Oil prices rose by 1 percent on Thursday as investors focused on the prospect of tighter markets due to U.S. sanctions against major crude exporter Iran, which are set to be implemented in November.
Front-month Brent crude futures LCOc1 were at $82.17 per barrel at 0133 GMT, up by 83 cents, or 1 percent from their last close, just off Tuesday's four-year highs, Reuters said.
U.S. West Texas Intermediate (WTI) crude futures CLc1 were at $72.41 a barrel, up 84 cents, or 1.2 percent from their last settlement.
Traders said oil markets were tightening ahead of Washington's planned sanctions on Iran's petroleum industry from November 4.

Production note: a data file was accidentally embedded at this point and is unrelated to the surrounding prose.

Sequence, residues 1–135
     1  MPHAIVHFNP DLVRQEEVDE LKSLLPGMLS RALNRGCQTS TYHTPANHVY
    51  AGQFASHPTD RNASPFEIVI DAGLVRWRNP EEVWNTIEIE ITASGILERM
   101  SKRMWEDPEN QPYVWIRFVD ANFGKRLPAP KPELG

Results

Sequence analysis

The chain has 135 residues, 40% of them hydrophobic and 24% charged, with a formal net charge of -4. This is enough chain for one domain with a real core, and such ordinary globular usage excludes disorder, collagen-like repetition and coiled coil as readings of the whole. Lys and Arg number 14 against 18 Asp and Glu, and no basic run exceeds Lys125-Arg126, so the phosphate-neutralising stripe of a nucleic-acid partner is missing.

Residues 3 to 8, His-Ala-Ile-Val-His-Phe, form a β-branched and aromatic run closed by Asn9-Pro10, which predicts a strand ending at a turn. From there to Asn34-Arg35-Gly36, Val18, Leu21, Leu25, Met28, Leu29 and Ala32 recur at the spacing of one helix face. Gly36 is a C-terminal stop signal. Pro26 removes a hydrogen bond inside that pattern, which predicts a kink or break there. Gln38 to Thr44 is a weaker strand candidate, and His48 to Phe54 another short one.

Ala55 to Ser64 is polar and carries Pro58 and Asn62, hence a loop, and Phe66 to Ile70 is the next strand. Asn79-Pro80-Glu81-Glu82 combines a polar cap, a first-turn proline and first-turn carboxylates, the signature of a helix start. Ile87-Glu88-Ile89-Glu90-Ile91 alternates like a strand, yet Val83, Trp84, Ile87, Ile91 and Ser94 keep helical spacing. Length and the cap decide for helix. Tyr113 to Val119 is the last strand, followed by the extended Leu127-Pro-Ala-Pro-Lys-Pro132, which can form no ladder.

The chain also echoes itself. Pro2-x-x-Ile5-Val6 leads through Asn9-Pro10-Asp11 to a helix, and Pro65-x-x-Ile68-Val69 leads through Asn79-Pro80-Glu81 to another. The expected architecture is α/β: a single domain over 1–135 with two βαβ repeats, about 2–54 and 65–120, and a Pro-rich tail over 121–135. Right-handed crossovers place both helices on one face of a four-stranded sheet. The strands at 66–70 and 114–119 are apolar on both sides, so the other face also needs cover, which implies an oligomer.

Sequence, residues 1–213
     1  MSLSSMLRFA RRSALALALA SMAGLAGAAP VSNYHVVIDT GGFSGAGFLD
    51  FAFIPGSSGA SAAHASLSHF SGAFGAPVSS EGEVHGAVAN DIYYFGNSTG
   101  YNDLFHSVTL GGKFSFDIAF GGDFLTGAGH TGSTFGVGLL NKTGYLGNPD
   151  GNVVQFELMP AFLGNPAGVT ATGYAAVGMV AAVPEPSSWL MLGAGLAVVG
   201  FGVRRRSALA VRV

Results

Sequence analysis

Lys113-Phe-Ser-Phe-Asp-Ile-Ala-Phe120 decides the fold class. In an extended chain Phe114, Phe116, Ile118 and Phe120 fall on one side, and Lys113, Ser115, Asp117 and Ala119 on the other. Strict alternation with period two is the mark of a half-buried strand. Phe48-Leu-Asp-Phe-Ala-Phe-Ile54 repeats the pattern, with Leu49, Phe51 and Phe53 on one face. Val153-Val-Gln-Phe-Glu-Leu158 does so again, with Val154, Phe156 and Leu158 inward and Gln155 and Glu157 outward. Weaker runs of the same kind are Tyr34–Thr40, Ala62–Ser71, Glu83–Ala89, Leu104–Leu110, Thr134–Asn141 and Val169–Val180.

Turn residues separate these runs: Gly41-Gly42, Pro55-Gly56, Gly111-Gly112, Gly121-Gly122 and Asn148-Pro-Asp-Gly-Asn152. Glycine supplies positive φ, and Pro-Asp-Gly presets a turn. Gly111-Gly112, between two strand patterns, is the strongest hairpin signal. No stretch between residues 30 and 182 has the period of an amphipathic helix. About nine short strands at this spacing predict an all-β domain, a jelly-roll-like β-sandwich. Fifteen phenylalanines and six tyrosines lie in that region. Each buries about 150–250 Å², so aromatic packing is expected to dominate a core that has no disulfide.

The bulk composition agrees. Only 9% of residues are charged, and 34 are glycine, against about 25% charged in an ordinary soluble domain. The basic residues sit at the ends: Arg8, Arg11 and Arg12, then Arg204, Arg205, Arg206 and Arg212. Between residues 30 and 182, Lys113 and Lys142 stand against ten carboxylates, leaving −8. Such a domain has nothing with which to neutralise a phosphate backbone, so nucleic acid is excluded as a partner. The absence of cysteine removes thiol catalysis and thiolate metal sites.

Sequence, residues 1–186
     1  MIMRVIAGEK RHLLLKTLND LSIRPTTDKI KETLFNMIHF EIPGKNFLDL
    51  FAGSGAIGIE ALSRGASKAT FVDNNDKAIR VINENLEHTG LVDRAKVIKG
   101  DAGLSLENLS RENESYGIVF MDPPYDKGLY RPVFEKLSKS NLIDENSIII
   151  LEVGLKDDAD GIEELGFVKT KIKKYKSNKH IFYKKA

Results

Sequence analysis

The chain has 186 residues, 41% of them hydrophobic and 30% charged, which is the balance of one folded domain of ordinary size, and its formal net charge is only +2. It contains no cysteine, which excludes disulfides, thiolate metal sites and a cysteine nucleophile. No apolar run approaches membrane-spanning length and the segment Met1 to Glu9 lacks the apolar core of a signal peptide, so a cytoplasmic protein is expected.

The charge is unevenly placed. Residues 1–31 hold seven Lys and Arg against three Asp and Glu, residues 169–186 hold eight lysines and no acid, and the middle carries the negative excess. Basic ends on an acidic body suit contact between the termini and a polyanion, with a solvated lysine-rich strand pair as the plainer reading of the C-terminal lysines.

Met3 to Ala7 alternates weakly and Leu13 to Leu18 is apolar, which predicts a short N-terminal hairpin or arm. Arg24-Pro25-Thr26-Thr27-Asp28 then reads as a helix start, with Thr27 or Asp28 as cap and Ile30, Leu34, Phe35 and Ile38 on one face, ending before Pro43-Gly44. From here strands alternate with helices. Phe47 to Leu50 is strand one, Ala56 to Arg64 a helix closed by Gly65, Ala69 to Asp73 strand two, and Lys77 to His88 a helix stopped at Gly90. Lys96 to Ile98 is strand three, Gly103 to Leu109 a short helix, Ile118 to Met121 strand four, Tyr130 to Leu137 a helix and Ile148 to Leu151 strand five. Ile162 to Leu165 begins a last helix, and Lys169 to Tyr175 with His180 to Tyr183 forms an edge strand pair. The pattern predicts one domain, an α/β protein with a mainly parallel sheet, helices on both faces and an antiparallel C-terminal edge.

"We view that crude market risks are heavily skewed to the upside and whilst we are not explicitly forecasting Brent to rise to $100 per barrel, we see material risks of this coming to fruition," Japanese bank Mitsubishi UFJ Financial Group said in a note to clients.
At its 2018 peak, Iran exported around 3 million barrels per day (bpd) of crude oil, equivalent to 3 percent of global consumption.
Shipping data shows Iran September exports fell to around 2 million bpd as buyers around the world bow to U.S. pressure and cut imports.
The Organization of the Petroleum Exporting Countries (OPEC) has little spare capacity to make up for an expected shortfall in Iranian exports.